Family: (Fringillidae) Finches
Profile by Glenn Olsen: Our winter months are a great time for birding on the Upper Texas Coast. One cheerful, attractive winter visitor from the north is the American Goldfinch. While we see few of them in their bright yellow breeding plumage, their winter plumage of olive-yellow is still quite attractive. They normally travel in small flocks and attracting twenty to thirty of these colorful birds to your yard can brighten your day.
The genus name is derived from carduus, the Latin word for thistle, and the American Goldfinch is primarily an eater of seeds, especially during the winter. (The genus name was Carduelis tristis but has been changed to Spinus tristis.) We have native and non-native thistles that the birds feed on. Thistles should not be confused with niger or Nyjer® seeds, which are tiny, black birdseed cultivated in Asia and Africa. However, one way people attract these beautiful birds is by placing niger or Nyjer seeds in bird feeders and the birds love them because they are high in calories and rich in oils.
Another excellent way to attract this species as well as many other birds year-round is to landscape with plants that produce seed attractive to the American Goldfinch. There are a wide variety of plants to choose from, including flowers, shrubs, vines, and trees. Here are a few: thistles, dandelions, sunflowers, goldenrod, evening primrose, native asters, St. Johnswort (Hypericum), trumpet creeper, and certain grasses. Any of these can be planted in existing flower beds to add additional color. The seeds of elm, sweet gum and sycamore trees are also eaten by the American Goldfinch. So, incorporate a few of these plants into your landscaping and begin to provide food and habitat for the American Goldfinch and many other birds too.
Profile by Carrie Chapin: The American Goldfinch is a relatively common yet cute passerine whose flocks use many habitats, including neighborhoods, feeders, forests, fields, and edge habitats. Their range encompasses all of the contiguous U.S., though they do not breed in the southernmost states. This species eats almost exclusively seeds and often perches on flowerheads to pick seeds straight from the inflorescence. They will also eat seeds from the tops of trees and off the ground in fields. American Goldfinch males are bright yellow in the spring and have black wings with two white wing bars. Females are more olive in color, but all individuals have white under-tail coverts and a notched tail. Unlike Lesser Goldfinch males, who have all black heads and rarely appear in the Houston area, American Goldfinch males have only black foreheads and distinctive white wingbars. Also, unlike the brown and heavily-streaked Pine Siskin, American Goldfinches are entirely unstreaked with a plain side and breast. Like other finches, their stout, conical bills are the easiest way to separate them from warbler species.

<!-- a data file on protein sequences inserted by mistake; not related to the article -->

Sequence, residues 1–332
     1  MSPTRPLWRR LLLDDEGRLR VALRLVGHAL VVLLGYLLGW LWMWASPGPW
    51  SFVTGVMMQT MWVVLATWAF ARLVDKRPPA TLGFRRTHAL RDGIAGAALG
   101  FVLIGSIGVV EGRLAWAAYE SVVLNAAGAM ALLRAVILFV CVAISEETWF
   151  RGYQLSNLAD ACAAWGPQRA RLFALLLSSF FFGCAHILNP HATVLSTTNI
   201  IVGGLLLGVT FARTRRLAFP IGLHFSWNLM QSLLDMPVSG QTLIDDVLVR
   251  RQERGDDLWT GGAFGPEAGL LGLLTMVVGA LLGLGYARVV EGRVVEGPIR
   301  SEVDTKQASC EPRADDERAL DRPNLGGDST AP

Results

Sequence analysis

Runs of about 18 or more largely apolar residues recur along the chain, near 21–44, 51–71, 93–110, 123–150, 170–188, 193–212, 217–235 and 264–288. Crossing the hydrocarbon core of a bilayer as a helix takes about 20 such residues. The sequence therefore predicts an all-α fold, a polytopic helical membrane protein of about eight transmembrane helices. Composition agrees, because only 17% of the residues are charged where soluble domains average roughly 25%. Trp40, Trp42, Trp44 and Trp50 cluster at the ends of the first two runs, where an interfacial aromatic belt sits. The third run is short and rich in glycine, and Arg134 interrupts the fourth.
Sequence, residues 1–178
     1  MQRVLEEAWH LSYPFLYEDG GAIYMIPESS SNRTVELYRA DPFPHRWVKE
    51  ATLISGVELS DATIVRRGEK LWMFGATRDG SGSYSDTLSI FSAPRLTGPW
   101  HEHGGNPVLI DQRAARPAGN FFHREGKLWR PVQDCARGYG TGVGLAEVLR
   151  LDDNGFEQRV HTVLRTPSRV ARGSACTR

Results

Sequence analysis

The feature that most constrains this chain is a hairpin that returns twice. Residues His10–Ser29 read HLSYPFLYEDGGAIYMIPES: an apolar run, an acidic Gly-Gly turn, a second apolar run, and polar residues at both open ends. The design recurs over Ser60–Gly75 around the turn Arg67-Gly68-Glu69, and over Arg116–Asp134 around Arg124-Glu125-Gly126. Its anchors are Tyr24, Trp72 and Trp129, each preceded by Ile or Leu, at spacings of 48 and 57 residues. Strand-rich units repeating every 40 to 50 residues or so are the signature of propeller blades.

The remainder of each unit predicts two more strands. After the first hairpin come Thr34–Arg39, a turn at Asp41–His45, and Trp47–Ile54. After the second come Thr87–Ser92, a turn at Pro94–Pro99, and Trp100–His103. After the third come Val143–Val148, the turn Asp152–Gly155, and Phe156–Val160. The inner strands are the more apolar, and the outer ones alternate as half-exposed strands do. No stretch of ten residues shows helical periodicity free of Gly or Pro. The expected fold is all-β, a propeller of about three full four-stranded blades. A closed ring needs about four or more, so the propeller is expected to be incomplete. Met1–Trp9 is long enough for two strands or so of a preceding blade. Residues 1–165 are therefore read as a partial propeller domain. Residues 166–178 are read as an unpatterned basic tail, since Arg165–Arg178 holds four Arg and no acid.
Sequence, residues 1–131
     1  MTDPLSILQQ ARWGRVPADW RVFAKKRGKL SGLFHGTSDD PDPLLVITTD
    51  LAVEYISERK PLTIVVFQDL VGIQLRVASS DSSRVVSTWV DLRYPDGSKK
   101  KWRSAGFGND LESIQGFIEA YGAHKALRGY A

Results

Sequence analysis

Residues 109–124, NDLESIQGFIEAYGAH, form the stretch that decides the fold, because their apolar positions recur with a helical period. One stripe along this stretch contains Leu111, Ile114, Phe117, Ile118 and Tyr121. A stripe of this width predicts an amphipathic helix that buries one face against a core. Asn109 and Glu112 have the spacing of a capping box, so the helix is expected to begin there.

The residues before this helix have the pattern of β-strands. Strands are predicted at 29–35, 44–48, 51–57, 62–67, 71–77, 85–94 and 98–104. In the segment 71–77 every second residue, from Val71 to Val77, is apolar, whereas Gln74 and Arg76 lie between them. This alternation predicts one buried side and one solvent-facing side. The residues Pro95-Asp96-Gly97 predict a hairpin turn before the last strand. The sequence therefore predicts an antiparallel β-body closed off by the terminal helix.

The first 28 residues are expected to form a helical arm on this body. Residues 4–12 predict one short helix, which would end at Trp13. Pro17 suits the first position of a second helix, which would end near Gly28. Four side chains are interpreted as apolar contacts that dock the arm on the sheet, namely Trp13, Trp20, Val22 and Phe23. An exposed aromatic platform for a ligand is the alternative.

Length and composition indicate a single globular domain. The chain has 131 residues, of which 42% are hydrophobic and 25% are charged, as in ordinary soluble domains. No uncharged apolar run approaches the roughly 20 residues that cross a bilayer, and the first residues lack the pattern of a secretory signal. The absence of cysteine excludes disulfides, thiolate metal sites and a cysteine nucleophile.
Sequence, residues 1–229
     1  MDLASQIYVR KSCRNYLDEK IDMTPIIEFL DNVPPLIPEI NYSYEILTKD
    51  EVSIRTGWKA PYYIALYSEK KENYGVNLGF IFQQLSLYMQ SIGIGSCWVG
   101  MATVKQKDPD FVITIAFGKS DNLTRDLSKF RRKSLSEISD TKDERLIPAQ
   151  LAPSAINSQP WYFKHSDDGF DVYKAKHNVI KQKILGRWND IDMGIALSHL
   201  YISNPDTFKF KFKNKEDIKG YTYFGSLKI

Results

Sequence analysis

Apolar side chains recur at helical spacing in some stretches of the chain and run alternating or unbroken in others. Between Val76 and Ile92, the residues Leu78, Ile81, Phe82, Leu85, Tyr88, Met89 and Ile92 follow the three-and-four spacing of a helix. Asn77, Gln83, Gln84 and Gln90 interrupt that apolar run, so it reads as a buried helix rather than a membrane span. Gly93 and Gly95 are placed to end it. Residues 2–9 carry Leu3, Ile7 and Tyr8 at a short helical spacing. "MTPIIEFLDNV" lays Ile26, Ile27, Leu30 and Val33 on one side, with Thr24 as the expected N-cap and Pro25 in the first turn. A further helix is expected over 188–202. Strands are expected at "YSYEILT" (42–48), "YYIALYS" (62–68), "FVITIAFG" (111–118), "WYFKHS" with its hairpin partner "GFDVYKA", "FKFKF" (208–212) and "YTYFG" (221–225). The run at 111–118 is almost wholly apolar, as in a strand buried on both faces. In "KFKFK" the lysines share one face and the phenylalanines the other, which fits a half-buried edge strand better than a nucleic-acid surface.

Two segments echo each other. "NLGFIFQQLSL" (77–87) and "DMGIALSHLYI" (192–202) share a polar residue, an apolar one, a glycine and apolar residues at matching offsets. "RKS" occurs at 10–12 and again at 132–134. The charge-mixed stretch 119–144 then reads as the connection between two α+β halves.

American Goldfinches are one of the last birds to nest in the spring and usually begin in late June to early July when the fluffy pappus from milkweed pods is available to line their nests. Females choose a spot high up in a bush or sapling where several branches meet. The cup-shaped nest is woven from roots, spiderwebs, and fibers and takes about six days to make. Two to seven eggs are laid and incubated for two weeks. After hatching, the young are fed a special diet of only seeds. Any parasitic Brown-headed Cowbird young that hatch in the nest quickly starve from malnutrition. After about another two weeks, the surviving finch young leave the nest.
American Goldfinches are attracted to nyjer and sunflower seed feeders and readily use urban areas. Also, their po-ta-to-chip flight calls make them easy to detect! Every year, American Goldfinches announce the coming of spring as little yellow highlighters in the trees. These birds can be seen at most Houston Audubon sanctuaries, including the Edith L. Moore Nature Sanctuary in Houston, the Smith Oaks and Boy Scout Woods Sanctuaries in High Island, and Horseshoe Marsh Sanctuary on the Bolivar Peninsula!
Cornell Lab of Ornithology